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“We Are Not Lost!”

Michael and I took a long walk with the dog this afternoon around town. I snapped pictures of things that I found interesting, and thought my local readers might enjoy taking this tour with me. I’m so pleased with the progress we’re seeing and look forward to the time when the postcard scenes that are in my mind become a reality. In the meantime, I’m find I’m fascinated with the journey. By the way, this pictoral shows some of the activity of progress, but it also shows some of the ‘humanity’ that’s often harder to see. (note: double clicking on the pictures will enlarge them)

First stop, about a block away, is just a nice scene that I get to enjoy year round. In the distance, down the hill, are the Carver Peace Gardens…

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As I enter this community gardens, I’m thrilled to see that the city has done exactly what I asked them to do! They’ve moved the little unused and inaccessible greenhouse to a much better spot within the garden area and will have water and electric run to it within a few weeks. The addition of this greenhouse means that we’ll be able to not only start herbs, flowers and veggies for the resident gardeners within its’ cozy interior, but hopefully we’ll be able to grow enough to share with other community gardens in town!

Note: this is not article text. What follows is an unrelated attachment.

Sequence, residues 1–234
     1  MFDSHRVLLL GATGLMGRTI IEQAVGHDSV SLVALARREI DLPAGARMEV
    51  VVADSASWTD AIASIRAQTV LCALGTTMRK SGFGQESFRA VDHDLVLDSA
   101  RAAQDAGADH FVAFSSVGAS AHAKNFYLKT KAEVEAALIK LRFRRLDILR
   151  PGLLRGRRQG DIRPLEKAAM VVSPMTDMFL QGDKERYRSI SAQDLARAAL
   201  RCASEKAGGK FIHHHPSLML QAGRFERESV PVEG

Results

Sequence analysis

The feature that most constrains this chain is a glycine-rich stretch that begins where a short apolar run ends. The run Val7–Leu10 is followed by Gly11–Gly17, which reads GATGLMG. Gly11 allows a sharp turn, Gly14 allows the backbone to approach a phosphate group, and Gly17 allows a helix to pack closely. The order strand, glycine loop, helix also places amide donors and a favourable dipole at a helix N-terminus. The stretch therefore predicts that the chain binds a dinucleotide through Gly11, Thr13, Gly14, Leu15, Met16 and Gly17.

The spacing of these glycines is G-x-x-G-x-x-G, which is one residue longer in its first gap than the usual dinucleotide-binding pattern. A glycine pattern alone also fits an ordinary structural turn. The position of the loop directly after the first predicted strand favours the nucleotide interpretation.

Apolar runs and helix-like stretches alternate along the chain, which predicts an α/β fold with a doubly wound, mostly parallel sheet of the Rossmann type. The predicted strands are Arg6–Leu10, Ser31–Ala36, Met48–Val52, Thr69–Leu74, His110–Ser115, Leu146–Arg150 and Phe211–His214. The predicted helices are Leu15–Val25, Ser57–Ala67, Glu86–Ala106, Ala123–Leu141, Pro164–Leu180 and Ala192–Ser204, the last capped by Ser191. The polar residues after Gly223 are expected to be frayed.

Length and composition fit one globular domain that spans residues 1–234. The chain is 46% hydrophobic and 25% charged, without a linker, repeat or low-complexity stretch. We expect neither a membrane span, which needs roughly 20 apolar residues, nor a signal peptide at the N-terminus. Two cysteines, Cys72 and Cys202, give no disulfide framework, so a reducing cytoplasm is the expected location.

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After marveling over this gift, we travel on down the street, through a neighborhood that we don’t often walk through. Lo and behold! there’s an empty, sunny, corner lot in the middle of the ‘hood with a new sign planted there…

20150207_143109[1]I love the idea of community gardens and feel it is truly one of the best ways there is to have healthy food on our tables and strong communities! A few more blocks down and we find ourselves on the VA campus, at the intersection of Peace and Freedom. What a wonderful place to be on a beautiful and warm winter’s day…